6. What would be the 3 main characteristics or skills you would use to describe a good biostatistician?

For me it is really important to have a good mathematical/probabilistic base and to be well organized when working. But the most important of all is enjoying research.

 7. Which do you think are the main qualities of a good mentor?

For me, a good mentor is someone that supervises your work and is always there for you but at the same time he or she should give you some space for you to fail and learn… in other words someone that teaches you what researching really is.

Selected publications:

  • Francisco Pozo-Rodríguez; Jose Luis López-Campos; Carlos J. Álvarez-Martínez; Ady Castro-Acosta; Ramón Agüero; Javier Hueto; Jesús Hernández-Hernández; Manuel Barrón; Victor Abraira; Anabel Forte; Juan Miguel Sanchez Nieto; Encarnación Lopez-Gabaldón; Borja G. Cosío; Alvar Agusti. Clinical Audit of COPD patients requiring hospital admissions in Spain: AUDIPOC Study.Plos One. 7 – 7, (USA): 2012.
  • M. J. Bayarri; J. O. Berger; A. Forte; G. García-Donato. Criteria fo Bayesian model choice with application to variable selection. Annals of Statistics. 40 – 3, pp. 1550 – 1577. (USA): 2012.
  • C. Armero; A. Forte; A. López-Quílez. Geographical variation in pharmacological prescription. Mathematical and Computer Modelling. 50, pp. 921 – 928. (UK): 2009.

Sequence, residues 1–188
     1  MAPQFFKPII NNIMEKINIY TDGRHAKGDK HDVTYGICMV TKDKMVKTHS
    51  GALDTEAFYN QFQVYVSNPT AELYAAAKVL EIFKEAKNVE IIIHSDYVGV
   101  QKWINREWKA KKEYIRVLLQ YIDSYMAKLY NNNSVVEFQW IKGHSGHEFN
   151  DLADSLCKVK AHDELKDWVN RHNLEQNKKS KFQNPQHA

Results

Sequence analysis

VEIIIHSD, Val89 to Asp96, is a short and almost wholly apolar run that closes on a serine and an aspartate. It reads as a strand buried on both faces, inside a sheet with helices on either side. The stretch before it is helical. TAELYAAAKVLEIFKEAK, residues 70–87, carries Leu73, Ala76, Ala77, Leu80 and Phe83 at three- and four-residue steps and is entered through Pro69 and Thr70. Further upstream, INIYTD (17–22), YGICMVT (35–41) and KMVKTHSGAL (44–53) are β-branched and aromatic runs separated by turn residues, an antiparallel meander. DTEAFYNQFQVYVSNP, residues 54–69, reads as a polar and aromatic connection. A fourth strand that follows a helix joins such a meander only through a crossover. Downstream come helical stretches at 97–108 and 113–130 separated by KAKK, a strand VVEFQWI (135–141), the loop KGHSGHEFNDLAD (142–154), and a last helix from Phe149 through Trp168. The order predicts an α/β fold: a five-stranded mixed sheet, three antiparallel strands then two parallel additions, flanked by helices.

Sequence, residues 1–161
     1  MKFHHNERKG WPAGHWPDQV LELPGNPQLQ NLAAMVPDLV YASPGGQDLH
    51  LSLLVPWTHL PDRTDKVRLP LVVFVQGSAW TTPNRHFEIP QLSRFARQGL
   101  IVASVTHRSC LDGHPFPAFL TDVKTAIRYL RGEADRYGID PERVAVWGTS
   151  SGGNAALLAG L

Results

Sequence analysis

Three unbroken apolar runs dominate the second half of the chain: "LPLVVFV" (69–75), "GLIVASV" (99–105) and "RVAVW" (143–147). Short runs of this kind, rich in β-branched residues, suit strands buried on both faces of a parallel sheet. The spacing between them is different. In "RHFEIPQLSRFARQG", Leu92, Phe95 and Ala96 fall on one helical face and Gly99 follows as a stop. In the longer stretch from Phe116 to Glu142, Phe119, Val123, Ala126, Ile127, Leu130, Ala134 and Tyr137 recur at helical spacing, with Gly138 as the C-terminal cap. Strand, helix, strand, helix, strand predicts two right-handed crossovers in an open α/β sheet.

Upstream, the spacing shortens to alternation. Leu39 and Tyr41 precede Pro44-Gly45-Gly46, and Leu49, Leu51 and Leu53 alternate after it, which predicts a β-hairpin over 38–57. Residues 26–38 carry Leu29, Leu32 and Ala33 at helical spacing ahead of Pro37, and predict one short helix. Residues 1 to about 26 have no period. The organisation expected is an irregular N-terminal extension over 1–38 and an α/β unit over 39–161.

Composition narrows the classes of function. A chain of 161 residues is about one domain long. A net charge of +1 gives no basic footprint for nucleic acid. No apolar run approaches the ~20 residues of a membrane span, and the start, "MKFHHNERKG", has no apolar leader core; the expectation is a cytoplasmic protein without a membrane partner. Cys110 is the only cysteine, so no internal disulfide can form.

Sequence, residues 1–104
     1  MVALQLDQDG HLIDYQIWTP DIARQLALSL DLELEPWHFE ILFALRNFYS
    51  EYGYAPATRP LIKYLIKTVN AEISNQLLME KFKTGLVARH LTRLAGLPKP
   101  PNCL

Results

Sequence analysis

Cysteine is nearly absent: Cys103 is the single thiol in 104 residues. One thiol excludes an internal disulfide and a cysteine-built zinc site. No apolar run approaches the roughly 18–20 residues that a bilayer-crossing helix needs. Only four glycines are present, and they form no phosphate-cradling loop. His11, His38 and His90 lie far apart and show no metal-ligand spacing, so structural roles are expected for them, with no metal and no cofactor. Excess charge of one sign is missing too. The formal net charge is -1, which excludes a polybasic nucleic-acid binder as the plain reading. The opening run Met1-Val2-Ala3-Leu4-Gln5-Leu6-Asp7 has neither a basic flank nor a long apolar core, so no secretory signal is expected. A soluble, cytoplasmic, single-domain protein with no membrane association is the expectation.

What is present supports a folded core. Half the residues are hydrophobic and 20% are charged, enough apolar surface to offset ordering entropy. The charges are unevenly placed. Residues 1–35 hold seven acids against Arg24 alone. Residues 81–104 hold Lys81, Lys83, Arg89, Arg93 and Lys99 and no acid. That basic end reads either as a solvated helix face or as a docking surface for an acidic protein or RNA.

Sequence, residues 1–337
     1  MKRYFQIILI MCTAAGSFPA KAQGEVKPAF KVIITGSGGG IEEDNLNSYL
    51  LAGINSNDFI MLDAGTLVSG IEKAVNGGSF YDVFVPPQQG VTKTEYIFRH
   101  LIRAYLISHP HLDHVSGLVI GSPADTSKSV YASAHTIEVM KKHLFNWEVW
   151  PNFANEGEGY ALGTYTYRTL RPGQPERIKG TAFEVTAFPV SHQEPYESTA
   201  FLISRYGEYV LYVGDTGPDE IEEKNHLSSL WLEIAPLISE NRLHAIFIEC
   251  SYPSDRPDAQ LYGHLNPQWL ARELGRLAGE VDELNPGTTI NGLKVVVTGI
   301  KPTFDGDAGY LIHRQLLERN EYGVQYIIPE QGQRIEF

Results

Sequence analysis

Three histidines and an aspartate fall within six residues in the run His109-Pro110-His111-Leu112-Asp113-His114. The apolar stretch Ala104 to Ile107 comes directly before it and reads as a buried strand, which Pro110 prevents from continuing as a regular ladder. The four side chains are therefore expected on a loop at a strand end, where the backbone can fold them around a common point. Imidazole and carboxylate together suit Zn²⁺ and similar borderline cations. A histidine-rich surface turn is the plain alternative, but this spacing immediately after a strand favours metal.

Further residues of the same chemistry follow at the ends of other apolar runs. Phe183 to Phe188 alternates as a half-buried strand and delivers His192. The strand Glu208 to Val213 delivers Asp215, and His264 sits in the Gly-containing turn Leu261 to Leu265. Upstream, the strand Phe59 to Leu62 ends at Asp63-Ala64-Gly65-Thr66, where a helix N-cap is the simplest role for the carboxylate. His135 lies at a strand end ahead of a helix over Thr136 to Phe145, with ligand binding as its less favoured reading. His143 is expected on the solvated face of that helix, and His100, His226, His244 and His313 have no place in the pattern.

• Allepuz; A. López-Quílez; A. Forte; G. Fernández; J. Casal. Spatial Analysis of Bovine Spongiform Encephalopathy in Galicia, Spain (2000-05). Preventive Veterinary Medicine. 79 – 2, pp. 174 – 185. (Holland): 2007.
  • López-Quílez; C. Armero; A. Forte. Geographical variation of Pharmacological prescription with Bayesian Hierarchical models.Value In Health. 10 – 6, (USA): 2007.

Interview with…Laetitia Teixeira

Laetitia_TeixeiraLaetitia is a graduate in Applied Mathematics and she also has a Master’s degree in Applied Statistics and Modelling from the University of Porto, Portugal. At present, she is a PhD student on Applied Mathematics and she works in the Research Unit UNIFAI (Institute of Biomedical Sciences Abel Salazar, University of Porto, Portugal)